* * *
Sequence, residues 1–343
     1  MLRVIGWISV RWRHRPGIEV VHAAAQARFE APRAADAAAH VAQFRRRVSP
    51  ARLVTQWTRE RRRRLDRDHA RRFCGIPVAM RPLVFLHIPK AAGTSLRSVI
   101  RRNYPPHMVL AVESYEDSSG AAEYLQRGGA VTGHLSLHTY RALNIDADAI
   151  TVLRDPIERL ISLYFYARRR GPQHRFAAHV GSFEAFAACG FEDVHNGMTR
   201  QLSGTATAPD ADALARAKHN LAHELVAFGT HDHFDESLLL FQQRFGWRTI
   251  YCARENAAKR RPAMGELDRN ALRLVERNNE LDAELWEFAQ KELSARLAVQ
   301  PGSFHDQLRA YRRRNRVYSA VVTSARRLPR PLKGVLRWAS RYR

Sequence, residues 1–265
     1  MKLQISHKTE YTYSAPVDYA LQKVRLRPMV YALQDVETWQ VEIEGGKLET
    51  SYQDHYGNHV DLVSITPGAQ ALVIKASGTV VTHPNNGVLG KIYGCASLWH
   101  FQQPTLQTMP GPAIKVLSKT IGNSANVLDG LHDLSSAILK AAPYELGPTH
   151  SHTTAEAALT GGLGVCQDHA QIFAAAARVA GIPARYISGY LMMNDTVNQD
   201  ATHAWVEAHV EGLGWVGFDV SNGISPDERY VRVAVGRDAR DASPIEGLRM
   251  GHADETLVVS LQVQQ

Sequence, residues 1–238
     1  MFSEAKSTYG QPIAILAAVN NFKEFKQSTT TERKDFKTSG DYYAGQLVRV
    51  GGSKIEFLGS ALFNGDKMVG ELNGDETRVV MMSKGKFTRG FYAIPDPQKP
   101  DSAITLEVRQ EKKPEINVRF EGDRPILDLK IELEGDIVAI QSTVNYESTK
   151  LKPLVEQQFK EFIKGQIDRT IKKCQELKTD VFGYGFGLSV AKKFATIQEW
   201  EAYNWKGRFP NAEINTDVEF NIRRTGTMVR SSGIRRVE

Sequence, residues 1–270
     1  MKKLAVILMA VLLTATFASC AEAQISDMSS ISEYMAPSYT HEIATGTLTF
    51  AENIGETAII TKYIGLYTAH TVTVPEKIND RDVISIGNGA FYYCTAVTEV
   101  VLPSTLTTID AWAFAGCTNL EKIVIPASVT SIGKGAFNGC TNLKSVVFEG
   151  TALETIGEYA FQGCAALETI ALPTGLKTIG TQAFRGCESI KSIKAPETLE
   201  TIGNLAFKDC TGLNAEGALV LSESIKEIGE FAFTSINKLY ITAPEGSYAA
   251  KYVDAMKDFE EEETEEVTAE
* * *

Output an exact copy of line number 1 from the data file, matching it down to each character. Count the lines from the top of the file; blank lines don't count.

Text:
Sequence, residues 1–343